Katie’s Movie Review – Part: 4

Katie Phillips, Staff Writer

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Back at it again. Here with the Infamous Oscar Best Picture award winner. And it was certainly worth the win.

Moonlight (2016) R

Written and Directed by: Barry Jenkins. Based off the book “In The Moonlight Black Boys Look Blue” by Tarell Alvin McCraney.

Cast: Trevante Rhodes as Adult Chiron. Ashton Sanders as Teen Chiron. Alex Hibbert as Child Chiron. André Holland as Adult Kevin. Jharrel Jerome as Teen Kevin. Jaden Piner as Child Kevin. Naomie Harris as Paula. Janelle Monáe as Teresa. Mahershala Ali as Juan. Patrick Decile as Terrel. 

Summary: A chronicle of the childhood, adolescence and burgeoning adulthood of a young, African-American, gay man growing up in a rough neighborhood of Miami.

With 98% on Rotten Tomatoes, this movie comes to win. I once read a tweet from a celebrity that said something like “La La Land was good, but Moonlight was important.” And honestly that’s all it comes down to. La La Land may have a few catchy tunes and some big names. But Moonlight has a story that needs to be told in today’s modern narrative. It follows the tale of a young African American boy, Chiron, all the way up to adulthood. The audience gets to experience the trials and tribulations that come with being a double minority with weak family ties in a poor neighborhood. The story is broken into three sections: childhood, adolescence, and adulthood. Each section has its own tests for Chiron, such as bullying, his biggest crush getting a girlfriend, and even going to prison. I would like to call the tale heartwarming but, sadly, it’s not. Because, of course, in postmodern media, all gay love stories are tragedies. And yes, I commend it for trying to be realistic, but c’mon, can’t I get one movie that I don’t have to take a 4 hour depression nap after? Just saying. That’s my only criticism.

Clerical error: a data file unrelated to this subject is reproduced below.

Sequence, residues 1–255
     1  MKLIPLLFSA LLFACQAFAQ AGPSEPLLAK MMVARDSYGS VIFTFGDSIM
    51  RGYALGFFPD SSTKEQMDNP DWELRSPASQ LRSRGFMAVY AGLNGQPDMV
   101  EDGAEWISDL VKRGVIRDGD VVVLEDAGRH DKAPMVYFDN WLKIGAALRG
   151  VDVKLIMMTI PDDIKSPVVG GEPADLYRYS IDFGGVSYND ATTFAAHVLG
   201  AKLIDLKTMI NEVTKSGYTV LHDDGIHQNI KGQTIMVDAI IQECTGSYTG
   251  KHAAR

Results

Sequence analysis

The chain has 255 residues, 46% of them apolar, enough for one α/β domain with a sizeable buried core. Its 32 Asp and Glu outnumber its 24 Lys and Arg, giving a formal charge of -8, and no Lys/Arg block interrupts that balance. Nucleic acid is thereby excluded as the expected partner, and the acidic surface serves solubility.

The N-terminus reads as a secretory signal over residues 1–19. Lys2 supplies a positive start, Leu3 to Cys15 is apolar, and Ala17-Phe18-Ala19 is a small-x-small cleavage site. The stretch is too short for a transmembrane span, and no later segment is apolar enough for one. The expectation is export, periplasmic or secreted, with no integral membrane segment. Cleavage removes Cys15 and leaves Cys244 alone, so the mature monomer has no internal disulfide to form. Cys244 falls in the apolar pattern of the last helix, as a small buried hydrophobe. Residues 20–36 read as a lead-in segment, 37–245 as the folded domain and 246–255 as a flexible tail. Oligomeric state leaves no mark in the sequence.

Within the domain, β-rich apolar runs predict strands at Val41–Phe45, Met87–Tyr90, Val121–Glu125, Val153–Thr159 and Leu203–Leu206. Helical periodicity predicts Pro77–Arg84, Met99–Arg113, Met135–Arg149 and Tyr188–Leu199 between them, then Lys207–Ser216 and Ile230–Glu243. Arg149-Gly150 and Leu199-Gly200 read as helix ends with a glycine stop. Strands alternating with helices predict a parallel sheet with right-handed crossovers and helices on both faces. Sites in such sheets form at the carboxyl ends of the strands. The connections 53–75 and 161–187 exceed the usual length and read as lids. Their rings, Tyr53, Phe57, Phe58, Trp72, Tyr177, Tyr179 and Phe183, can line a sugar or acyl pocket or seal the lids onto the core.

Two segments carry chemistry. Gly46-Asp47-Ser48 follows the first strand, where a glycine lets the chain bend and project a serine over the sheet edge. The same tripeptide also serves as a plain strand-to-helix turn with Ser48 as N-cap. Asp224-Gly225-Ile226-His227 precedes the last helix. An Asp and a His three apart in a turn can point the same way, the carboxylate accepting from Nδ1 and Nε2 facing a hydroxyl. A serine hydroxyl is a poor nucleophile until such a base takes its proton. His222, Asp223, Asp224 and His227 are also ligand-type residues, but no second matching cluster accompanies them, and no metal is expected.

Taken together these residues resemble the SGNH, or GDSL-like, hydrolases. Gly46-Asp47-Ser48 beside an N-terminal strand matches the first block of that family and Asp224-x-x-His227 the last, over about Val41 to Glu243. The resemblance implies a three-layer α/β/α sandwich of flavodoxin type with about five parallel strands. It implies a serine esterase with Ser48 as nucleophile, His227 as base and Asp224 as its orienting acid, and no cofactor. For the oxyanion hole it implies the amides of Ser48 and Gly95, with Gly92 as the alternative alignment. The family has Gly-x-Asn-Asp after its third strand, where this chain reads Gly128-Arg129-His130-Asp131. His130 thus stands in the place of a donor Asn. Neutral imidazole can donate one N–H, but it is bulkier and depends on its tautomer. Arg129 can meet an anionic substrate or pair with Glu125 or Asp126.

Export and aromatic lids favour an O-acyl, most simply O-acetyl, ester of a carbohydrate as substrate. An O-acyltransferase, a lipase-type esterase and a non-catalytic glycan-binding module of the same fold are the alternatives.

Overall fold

Alright, lets dive deeper. Moonlight holds the first LGBTQ+ film to win best picture at the Academy Awards. In 2006 Brokeback Mountain, a mournful gay cowboy movie underlining deep-seeded homophobia throughout society, was up for the same award. “Many members of the Academy of Motion Picture Arts and Sciences, including Ernest Borgnine, refused to even watch Ang Lee’s mournful cowboy ballad. Tony Curtis opined that John Wayne, über-masculine patron saint of the Western genre, wouldn’t approve,” says author Nico Lang on Salon. It lost to a movie called Crash, which was a complete upheaval of everything the people there thought was going to happen. Other LGBTQ+ films have been nominated for wins, such as Milk (2008), Dog Day Afternoon (1976), The Hours (2002), The Kids Are All Right (2010), Capote (2006), and Carol (2015). The first ever LGBTQ+ person ever to win an award was in 1927 (Janet Gaynor for her roles in 7th Heaven, Street Angel, and Sunrise: A Song of Two Humans). And in 1972 Paul Winfield was the first African American to be nominated for his leading role in Sounder. Lee Daniels was the first ever LGTBQ+ African American movie director to be nominated in 2008. The Times of Harvey Milk was the first gay-themed documentary with openly gay directors to win Best Documentary in 1984. There has never been an LGBTQ+ African American to win an acting award (Wikipedia) So. You can see why this film is important.

Anyway, lets talk about the film itself and what makes it good. The three-tier storytelling platform allows the audience to bond with the characters over what feels like most of their life. You get a connection that’s more than just a few hours of film. And the main character, Chiron, is an underdog. Everyone loves an underdog. And unrequited love. Well, unless it’s in their own life. But people love watching it on the big screen. Though this film doesn’t focus on cinematography, it focuses on building characters and relationships. That’s all it boils down to. Love and representation. If you take anything from this, take that.

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